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Diversity and Inclusion Remain Important Initiatives

By Adrienne Way, Edcor Owner and CEO

Initiatives to increase diversity and inclusion may be among the business concerns that are being set aside due to the effects of coronavirus.

Right now, businesses face many concerns, all vying for the top of the priority list. The coronavirus has changed how businesses can operate, slowed demand for their products and services or accelerated the need for them. The coronavirus may have also pushed businesses into a survival mode, instead of keeping them in a growth cycle, and forced them to rethink forward-thinking initiatives such as increasing diversity and inclusion.

During this crisis, businesses must make decisions about how to safely operate in an uncertain environment, how to economically thrive in uncertain marketplaces, and how to have the right talent to recover from this health and economic crises. Maintaining diversity and inclusion initiatives could be a solution to these issues.

A McKinsey Report states that diversity and inclusion may not be a strategic priority during a crisis such as the coronavirus pandemic. This is understandable when changing and adapting to current conditions is a top concern. However, the report states, “Companies pulling back on I&D now may be placing themselves at a disadvantage; they could not only face a backlash from customers and talent now but also, down the line, fail to better position themselves for growth and renewal.”

In the US which is becoming a more multicultural society, diversity and inclusion are important to business success. McKinsey’s 2017 data on diversity shows that companies in the top quartile for gender diversity on their executive teams were 21 percent more likely to have above-average profitability than companies in the lowest quartile. Companies in the top quartile for ethnic and cultural diversity were 33 percent more likely to outperform companies that were in the bottom quartile.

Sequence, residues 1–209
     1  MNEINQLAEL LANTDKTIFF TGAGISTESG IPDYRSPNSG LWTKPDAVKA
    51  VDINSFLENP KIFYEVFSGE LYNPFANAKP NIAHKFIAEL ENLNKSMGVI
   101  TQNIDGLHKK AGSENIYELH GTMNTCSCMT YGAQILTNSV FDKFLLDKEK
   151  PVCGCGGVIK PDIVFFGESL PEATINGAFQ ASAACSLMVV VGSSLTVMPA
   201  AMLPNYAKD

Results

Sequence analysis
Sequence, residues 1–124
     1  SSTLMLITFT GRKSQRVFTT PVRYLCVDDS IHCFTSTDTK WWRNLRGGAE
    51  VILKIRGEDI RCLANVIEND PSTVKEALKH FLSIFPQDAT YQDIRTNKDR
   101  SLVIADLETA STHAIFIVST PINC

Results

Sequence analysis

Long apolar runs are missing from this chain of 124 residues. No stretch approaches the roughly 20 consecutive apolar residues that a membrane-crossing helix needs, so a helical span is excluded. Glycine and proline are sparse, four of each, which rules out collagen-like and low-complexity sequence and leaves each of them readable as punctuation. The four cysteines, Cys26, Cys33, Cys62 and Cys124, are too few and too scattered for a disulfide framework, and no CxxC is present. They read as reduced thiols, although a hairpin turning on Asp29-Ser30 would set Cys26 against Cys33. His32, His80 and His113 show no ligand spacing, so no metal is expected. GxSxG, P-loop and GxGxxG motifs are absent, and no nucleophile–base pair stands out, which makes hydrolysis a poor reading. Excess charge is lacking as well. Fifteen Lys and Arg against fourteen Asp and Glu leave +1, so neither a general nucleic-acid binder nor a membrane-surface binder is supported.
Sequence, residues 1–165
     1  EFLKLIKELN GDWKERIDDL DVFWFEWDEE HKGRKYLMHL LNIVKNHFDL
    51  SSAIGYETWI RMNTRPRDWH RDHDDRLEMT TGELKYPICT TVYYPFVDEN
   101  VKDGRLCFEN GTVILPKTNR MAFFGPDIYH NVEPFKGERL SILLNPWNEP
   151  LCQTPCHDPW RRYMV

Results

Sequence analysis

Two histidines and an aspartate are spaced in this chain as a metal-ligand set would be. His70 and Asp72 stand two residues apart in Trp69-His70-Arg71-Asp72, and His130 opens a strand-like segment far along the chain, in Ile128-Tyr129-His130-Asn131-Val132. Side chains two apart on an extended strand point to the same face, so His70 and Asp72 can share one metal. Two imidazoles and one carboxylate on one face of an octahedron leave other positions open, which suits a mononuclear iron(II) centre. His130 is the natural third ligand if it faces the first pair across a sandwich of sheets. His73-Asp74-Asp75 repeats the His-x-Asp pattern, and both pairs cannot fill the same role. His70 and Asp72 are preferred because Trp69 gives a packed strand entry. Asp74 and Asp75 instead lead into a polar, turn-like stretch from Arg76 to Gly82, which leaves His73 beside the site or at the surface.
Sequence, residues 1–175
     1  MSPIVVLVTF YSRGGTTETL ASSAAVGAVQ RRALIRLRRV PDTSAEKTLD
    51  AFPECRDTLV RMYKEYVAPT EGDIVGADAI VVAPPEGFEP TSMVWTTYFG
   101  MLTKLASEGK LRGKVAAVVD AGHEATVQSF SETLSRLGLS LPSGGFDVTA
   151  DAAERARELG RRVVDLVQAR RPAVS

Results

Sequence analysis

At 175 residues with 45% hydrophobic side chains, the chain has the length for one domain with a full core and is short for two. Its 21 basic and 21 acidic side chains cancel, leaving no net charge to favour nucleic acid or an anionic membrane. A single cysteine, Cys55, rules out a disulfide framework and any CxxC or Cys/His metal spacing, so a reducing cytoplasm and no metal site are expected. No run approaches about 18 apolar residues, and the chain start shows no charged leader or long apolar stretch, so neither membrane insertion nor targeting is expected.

Building diversity and inclusion helps companies maintain top performance and profitability through increased access to recruiting talent and the ability to retain talent that offers multiple viewpoints. Increased diversity and inclusion in workforces helps companies relate to an ever changing marketplace and customer base. Diverse workforce talents can offer perspectives that inform creative flexible thinking and problem solving. Businesses that strategically develop their workforce will be strong, resilient and rebuild the economy after the coronavirus pandemic.

Businesses that offer education benefits to their employees are in a position where they can use their benefits to design their future workforce. Offering tuition assistance to employees increases the diversity of students that attend school. Business that need employees with specific skills and knowledge will benefit when diverse employees use these benefits. For example, the Council of Graduate Schools and the Graduate Record Examinations Board data shows that Black and Hispanic students are underrepresented in graduate schools, especially in STEM field. Supporting these student enables businesses to build a workforce that mirrors the US population in diversity and inclusion, while building a talent base. Minority students represent “a rapidly increasing segment of the population that will be needed to sustain the economy, and they need to have the knowledge and skills”  to do that, said JoAnn Canales, dean in residence at the Council of Graduate Schools.

Building gender equity also will build a faster recovery after the pandemic is over. Tuition assistance can help women become qualified for higher work positions and responsibility, as well as overcome barriers such as salary inequality. Women often fill low- and medium-paid jobs, and a large percentage work in manual labor. Past economic recoveries show that these jobs often disappear and are replaced with jobs that require more education and skills. Women often face greater economic challenges paying for higher education. Most single parents are women. Childcare and family expenses leave little money for higher education costs. A tuition assistance plan that supports women will strengthen this segment of the population and ensure they are a viable part of the economic recovery.

The path for economic recovery is uncertain right now. However, to ensure that all employees, including women and minorities, can access higher education is an insurance policy. Education benefits will attract talented employees. Education benefits will help businesses retain talented employees. Business will benefit from diversity and inclusion and a workforce with multiple abilities and perspectives that can face uncertain conditions and problem solve effectively.

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